An old man with a steady look sublime,
That stops his earthly task to watch the skies;
But he is blind—a statue hath such eyes;—
Yet having moon-ward turn'd his face by chance,
Gazes the orb with moon-like countenance,
With scant white hairs, with foretop bald and high,
He gazes still,—his eyeless Face all Eye;—
As 'twere an organ full of silent sight,
His whole Face seemeth to rejoice in light!
Lip touching lip, all moveless, bust and limb,
He seems to gaze at that which seems to gaze on him! [9-20]
The effectiveness of that alexandrine is enhanced by the fact that line 20 is the first in this poem (the truncated line 27 being the only other) comprised entirely of monosyllables. Otherwise the studied circularity of this image, its seems-to-gaze-at-that-which-seems-to-gaze-on-himishness, is replicated formally and linguistically in the poem. Similar half-rhyming (skies/eyes; high/eye; sight/light) reinforce the sense of a lack of forward momentum. The final couplet rhyme limb/him is a half-rhyme glance back at the first couple rhyme time/sublime. 'Gazes' in line 14 and 'gazes' in line 16 are rehearsed by the 'gaze... gaze' of line 20; and 'moon-ward'  chimes with 'moon-like'  as 'lip touches lip . Do we read that last image as the old man's upper lip touching his own lower lip? Or kissing somebody else's? Either way, I think, the phrase cannot escape the sense of erotic connection with the desired other.
So we can say: Coleridge's essence-of-Limbo is not, as it would be (has been) for so many others, a mode of sitting around, waiting for something to happen that does not happen. It's not En Attendant Godot. It's more like looking with unseeing eyes at something impossibly remote. And that blind looking is related in some oblique manner to the twin logics of writing whereby somethings are and others are like. So the old man's eyes are blind, and are like a statue's eyes; the old man's face is white and round and cratered and only is like the moon; and those two are/are-like balances revert cleverly back upon one another. What I mean by this latter is that the moon is a face-like stone artefact, which is to say, is a statue; except that insofar as a statue requires a sculptor the moon only is like a statue. It's the canny oblique asymmetry of this that works so well: when the blind man 'seems to gaze' at the moon it's because though he does have eyes they don't work, so his looking is a seeming-looking; but when the moon 'seems to gaze' at the man it's because it seems to have eyes (the face of the man in the moon) which, because of course they don't work, only seem to look at him.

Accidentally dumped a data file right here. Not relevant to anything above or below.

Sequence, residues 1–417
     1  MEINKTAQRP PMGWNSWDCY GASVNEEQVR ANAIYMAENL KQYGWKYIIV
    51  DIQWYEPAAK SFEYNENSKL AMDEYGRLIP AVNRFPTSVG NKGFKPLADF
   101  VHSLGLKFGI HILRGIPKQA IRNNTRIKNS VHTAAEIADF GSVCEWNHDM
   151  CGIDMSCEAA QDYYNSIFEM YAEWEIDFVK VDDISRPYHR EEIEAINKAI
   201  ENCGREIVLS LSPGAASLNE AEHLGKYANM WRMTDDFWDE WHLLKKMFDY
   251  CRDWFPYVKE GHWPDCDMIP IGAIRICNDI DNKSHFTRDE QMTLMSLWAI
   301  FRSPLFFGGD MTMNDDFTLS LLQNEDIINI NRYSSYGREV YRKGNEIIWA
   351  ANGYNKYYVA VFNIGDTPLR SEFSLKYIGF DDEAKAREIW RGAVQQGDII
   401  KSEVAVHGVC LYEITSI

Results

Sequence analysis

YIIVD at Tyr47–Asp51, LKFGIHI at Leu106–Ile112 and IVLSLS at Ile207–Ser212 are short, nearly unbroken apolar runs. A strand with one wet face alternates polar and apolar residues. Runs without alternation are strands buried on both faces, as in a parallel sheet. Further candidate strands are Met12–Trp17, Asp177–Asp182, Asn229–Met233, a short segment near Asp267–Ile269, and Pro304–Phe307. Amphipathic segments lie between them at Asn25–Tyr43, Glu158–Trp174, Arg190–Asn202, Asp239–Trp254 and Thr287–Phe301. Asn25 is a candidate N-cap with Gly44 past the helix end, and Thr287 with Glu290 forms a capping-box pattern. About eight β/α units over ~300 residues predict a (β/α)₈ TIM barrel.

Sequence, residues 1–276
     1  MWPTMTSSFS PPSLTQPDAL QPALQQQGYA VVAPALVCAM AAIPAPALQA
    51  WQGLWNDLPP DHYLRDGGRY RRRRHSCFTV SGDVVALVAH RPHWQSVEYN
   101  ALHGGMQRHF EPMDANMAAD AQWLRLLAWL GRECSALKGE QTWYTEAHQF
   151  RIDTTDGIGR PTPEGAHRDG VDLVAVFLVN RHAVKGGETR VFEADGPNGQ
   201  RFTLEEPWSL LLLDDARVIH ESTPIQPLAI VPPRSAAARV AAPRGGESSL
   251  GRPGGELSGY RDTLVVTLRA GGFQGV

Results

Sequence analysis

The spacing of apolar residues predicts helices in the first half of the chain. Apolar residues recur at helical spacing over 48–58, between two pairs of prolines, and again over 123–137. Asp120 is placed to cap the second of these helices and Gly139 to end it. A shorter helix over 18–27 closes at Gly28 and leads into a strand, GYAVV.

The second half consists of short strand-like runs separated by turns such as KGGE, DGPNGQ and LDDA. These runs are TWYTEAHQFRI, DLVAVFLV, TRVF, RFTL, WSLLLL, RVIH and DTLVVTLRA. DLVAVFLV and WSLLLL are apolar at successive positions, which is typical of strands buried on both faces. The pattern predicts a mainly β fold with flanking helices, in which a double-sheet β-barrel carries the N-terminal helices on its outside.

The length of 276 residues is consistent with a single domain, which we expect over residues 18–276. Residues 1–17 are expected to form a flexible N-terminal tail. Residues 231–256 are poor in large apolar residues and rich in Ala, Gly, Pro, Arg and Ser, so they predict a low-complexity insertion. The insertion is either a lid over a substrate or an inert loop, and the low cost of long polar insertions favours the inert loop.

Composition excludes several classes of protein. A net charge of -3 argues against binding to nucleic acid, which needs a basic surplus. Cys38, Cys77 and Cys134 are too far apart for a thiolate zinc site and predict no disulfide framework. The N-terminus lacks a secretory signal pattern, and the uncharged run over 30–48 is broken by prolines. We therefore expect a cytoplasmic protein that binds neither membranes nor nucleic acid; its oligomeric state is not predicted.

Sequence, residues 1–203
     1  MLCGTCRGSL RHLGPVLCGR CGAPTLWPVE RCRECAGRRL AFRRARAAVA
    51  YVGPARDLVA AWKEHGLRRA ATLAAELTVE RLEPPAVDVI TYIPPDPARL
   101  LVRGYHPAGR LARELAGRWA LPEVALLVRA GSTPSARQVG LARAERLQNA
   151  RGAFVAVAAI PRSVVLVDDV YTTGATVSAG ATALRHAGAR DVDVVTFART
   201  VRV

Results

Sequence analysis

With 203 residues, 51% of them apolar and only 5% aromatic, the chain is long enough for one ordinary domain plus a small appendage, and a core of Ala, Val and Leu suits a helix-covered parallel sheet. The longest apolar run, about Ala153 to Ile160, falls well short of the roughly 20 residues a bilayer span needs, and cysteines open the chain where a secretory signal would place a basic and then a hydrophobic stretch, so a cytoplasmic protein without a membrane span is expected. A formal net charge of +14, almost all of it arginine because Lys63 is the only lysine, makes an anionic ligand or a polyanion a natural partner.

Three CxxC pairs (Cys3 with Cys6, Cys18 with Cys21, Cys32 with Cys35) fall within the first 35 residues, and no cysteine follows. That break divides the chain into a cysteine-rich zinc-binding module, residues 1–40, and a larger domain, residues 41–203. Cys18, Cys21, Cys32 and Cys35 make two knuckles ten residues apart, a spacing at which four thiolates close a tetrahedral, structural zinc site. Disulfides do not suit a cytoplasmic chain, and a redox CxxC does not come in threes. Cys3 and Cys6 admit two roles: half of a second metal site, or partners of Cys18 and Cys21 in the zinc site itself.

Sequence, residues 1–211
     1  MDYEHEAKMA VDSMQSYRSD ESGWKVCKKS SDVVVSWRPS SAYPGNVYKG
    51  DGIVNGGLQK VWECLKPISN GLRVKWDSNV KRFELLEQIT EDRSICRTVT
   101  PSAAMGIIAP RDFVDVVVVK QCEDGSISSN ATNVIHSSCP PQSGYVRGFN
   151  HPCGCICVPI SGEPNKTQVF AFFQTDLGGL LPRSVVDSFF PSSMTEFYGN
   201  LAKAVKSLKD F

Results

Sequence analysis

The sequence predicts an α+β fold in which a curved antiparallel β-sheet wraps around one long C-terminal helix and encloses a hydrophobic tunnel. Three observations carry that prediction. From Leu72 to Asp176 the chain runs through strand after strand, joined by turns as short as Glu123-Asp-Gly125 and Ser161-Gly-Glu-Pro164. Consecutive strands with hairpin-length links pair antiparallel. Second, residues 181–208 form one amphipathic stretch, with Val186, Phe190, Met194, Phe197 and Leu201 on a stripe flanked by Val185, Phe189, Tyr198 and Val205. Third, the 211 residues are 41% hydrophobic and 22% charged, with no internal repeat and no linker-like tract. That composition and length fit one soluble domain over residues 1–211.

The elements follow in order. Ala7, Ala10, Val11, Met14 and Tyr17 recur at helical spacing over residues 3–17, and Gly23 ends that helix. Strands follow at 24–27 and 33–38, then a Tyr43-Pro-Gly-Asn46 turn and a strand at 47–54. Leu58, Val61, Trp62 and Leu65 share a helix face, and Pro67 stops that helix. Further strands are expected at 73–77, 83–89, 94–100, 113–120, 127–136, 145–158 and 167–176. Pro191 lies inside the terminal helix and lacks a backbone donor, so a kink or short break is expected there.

I'll come back to this central white circle, this core image in the poem, in a moment. Now I want to look at the two eight-line framing passages, before and after. First:
Tis a strange place, this Limbo!—not a Place,I like the wrongfooting opening line: it's a place; it's not a place. And I like the way the words here blur into other words: 'lank space' is almost, but not quite, blank space; 'scytheless' is haunted by 'sightless'; 'branny' seems to lead word-ladder-like into 'barren', 'flight' and 'flit' are the same word, except that the latter is filed down. This queasy slippage of meaning from word to word marks a poetic space in which meaning is no longer crisply demarcated, and Coleridge styles this as, in effect, a disease of time. Time appears as the first of the poem's personifications, and he's in a bad way. 'Branny hands' means hands covered in scabs (it's eighteenth-century medical discourse; dry and flaky scabs that tended to come loose from the skin were called 'bran' or 'branny'; see for example here, here and here). He's too sick and exhausted to do his job; time no longer registers. It's part of the larger logic of the poem that image leads associatively to image, and so the moonlit sundial in line 8 sets-up, as it were, the round white face of the blind man looking at the round white face of the moon.
Yet name it so;—where Time & weary Space
Fettered from flight, with night-mare sense of fleeing,
Strive for their last crepuscular half-being;—
Lank Space, and scytheless Time with branny hands
Barren and soundless as the measuring sands,
Not mark'd by flit of Shades,—unmeaning they
As Moonlight on the dial of the day! [1-8]
The final eight lines pick up on the counter-intuitive notion that the blind-man and moon image in the central section is, in some sense, 'beautiful' or a 'sweet sight':
No such sweet sights doth Limbo Den immure,The circle in the centre of this circling poem has become a 'circumambience' prison-wall that imprisons ('immures', 'enthrals'). 'Lurid' here presumably means not shocking or horrifying, but something closer to its Latin root (lūridus, 'pale yellow, wan'). In his first draft Coleridge toyed with reversing the two crucial terms: 'A lurid thought is growthless, dull Negation ... A fear—a future fate.—'Tis positive Privation!' He was right to change his mind on this (it amazes me that Morton Paley sees no difference between them: 'the choice of Negation or Privation hardly mattered, since the two ideas were in this context the same' [Paley, Coleridge’s Later Poetry (OUP 1996), 54]). Privation means being deprived of something; as Time is of his scythe, or the moon-looking man is of his sight. Negation, though, is being negated, everted, refused, turned-away, as Coleridge in 1811 finally understands he is being by Asra. He is not deprived of Asra, because deprivation contains within itself the implication of reprieve, as the old model of Limbo as 'waiting' implies that one is waiting for something, or somebody, and that the period of time spent en attendant will eventually pay-out—Godot, as it were, will actually arrive. But that's not, Coleridge realises in 1811, where he stands or has ever stood with Asra; and that's not what this poem is saying. STC has been waiting for Asra to ... well, who knows? To see the error of her ways? To fall belatedly in love with Sam? But it's here, in this poem, that Coleridge comprehends that limbo is not a waiting room. It is a room absent the temporal dimension required by 'waiting' as such.